When we moved from California to Arkansas in 1993, we bought a house a few doors down and across the street (#899) from where we live now (#906). It's a very typical middle class neighborhood, with ordinary folks like us.
Arkansas is different from California. People here talk with an accent but tell me that I have one. Huh? Not me. There are more trees in the county where I live than I'd ever seen in the whole state of California. Okay. Maybe I'm exaggerating a little. And critters... lots of critters... deer, rabbits, squirrels, birds large and small, coyotes, foxes, skunks, turtles, snakes, frogs, armadillos... you name it, it's here.
So shortly after we moved into the house at #899, we settled into bed for the night. It was a quiet cool spring night and we had our bedroom window open a little for some fresh air. Just as we dozed off, we heard this loud sort of scream coming from somewhere outside.
"What the hell was that?" I asked, as if Tom would actually know.
"I don't know," he replied, "it sounded like someone's baby crying maybe."
It was quiet for a couple of minutes, then we heard it again... that scream.
"What is that!!??" I said. "It sounds like something coming from the yard behind us."
Tom got up and went to the window. "I don't see anything. No lights on anywhere." He came back to bed and just as he settled back in, we heard the scream again. Then just a few seconds later, again...then again...and again.
Tom got out of bed again, retrieved a flashlight from the laundry room, put on a pair of shorts and headed out the back door in our bedroom to the back yard.
As he headed out off the deck and onto the grass, the screaming stopped, but a few seconds later started again.
I was nervous. I didn't know what I expected Tom to find. Maybe it was a child or dog or cat in distress.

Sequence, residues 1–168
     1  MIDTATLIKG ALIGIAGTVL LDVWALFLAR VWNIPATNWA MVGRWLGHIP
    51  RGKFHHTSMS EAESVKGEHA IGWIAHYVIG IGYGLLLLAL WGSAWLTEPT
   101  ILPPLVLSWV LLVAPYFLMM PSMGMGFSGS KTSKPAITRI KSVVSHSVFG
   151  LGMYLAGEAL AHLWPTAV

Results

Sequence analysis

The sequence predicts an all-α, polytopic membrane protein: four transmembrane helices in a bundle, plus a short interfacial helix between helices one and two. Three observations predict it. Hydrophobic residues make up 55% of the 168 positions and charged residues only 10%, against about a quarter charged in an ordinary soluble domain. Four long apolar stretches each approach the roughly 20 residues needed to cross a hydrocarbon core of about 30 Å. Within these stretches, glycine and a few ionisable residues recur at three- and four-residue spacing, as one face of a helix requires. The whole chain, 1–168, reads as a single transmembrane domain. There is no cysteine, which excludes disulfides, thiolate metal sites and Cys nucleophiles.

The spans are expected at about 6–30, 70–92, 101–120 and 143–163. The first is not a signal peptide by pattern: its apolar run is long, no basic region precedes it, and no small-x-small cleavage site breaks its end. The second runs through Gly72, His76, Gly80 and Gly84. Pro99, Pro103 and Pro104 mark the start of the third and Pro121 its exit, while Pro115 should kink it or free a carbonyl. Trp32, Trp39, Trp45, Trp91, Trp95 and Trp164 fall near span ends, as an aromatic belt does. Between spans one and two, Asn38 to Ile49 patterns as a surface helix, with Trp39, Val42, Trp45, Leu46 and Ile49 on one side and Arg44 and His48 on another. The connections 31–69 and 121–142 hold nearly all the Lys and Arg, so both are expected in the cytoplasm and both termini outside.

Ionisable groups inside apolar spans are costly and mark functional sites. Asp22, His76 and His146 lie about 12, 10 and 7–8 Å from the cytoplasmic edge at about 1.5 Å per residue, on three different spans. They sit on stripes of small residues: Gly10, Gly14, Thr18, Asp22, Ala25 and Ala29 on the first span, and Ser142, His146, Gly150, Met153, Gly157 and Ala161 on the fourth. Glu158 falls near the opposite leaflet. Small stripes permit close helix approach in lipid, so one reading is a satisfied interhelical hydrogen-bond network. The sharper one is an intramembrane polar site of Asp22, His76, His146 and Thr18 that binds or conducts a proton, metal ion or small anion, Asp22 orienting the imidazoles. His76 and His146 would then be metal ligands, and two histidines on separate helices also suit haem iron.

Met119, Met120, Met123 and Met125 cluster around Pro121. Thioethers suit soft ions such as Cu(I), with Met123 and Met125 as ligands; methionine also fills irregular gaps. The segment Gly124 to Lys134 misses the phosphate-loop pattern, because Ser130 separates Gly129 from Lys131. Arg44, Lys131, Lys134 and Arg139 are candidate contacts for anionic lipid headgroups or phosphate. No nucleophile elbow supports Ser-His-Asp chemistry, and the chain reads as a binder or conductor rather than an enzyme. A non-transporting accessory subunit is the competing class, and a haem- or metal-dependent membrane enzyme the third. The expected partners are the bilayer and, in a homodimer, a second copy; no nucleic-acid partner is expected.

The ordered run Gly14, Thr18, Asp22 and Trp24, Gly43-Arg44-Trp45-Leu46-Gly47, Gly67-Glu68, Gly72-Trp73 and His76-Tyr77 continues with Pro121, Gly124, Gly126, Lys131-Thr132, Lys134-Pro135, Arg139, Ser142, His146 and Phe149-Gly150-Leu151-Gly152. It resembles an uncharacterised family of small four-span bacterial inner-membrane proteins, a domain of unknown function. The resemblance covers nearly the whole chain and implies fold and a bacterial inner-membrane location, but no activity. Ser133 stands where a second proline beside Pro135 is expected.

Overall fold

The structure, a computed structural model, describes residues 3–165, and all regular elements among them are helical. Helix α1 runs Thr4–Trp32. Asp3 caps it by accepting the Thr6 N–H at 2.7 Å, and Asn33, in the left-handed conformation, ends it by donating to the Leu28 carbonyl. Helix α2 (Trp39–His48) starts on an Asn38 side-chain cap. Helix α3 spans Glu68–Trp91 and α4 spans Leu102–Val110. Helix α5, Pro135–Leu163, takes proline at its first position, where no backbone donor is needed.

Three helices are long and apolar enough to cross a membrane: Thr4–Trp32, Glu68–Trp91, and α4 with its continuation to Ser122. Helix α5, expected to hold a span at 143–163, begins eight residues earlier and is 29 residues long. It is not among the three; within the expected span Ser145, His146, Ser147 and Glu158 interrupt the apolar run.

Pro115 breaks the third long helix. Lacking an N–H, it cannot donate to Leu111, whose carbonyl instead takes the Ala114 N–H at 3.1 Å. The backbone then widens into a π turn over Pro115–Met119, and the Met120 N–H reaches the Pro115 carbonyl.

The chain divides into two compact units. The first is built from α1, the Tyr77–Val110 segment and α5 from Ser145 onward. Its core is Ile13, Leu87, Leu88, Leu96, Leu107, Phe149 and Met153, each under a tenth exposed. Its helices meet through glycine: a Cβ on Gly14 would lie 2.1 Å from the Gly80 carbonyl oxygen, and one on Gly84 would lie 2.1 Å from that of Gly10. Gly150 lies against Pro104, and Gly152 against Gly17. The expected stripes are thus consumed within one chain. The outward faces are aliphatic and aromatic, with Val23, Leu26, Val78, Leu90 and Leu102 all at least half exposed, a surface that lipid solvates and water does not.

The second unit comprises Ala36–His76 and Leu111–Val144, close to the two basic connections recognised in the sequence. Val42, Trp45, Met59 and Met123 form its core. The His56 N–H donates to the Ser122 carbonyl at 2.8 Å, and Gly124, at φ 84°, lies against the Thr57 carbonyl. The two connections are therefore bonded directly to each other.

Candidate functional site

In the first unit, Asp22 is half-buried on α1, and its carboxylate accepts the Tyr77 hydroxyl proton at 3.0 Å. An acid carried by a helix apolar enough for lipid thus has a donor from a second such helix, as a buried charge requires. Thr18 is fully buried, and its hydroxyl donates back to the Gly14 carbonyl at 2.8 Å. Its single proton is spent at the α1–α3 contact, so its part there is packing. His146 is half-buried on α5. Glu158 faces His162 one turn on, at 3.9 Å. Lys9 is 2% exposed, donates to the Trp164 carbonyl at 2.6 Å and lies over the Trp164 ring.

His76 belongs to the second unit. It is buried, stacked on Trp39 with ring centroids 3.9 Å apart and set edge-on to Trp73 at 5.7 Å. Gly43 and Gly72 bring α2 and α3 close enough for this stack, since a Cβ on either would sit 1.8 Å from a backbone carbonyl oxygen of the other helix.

As Tom came back through the back door, I asked, "Did you find it? What was it?"
"You won't believe it," he said. "It's a little, tiny frog."
"What?? A frog?? That wasn't a croak! That was a scream!" I said.
"Some kinda weird frog, but it was definitely a frog. I saw him." And Tom was right.
We have become quite accustomed to the "screams" of the Eastern Narrow Mouthed Toad. They are little suckers, only about 1-1/2-inches long, which makes it easy for them to hide in grass and debris near wetlands.
We don't live in a swamp or wetland, but standing water in Arkansas during the spring rainy season is not uncommon, even in developed neighborhoods such as ours.
We purposely attract critters to our yard. We hang corn for the squirrels, a seed feeder for the numerous species of birds, and we throw out lettuce and other enticing scraps for the rabbits. However, with the pond we put in a couple of years ago has apparently charmed our friend the Eastern Narrow Mouthed Toad. This is what we hear every evening....for months. And it really IS this loud. These little suckers can scream!
One toad took up residence in and around our pond last spring and summer without incident. Not so this year. Two toads have enjoyed the wetlands environment we've created. Two toads...meaning a male and female...also meaning they copulated, bred, procreated without the benefit of legal marriage.
Just before she left, Karen uttered a civil sentence..."You have tadpoles in the pond."
Ya think??!!! This rock is barely submerged below the water surface and many of the little guys have congregated there, but there are many more swimming around freely in the pond. Tadpoles...polliwogs...baby frogs...whatever you want to call 'em...we got 'em.
Barring hungry birds and the neighbor's cat, I think we will have an abundance of Eastern Narrow Mouthed Toads next spring to serenade the entire neighborhood, but they will soon vacate the pond for the damp soil and grass where they can hide undetected and thrive on the many ants that inhabit our yard. At the very same time, Tom will begin the Arkansas yard ritual...the weekly lawn mowing and leaf mulching and the accumulation of the mulching bag clippings for yard waste collection.
This cannot end well. Nothing will escape the grass cutting, leaf mulching blades of the predatory mower. The mulching bag will gather the shredded fragments of everything in its wake, perhaps mid-scream. It's a jungle out there.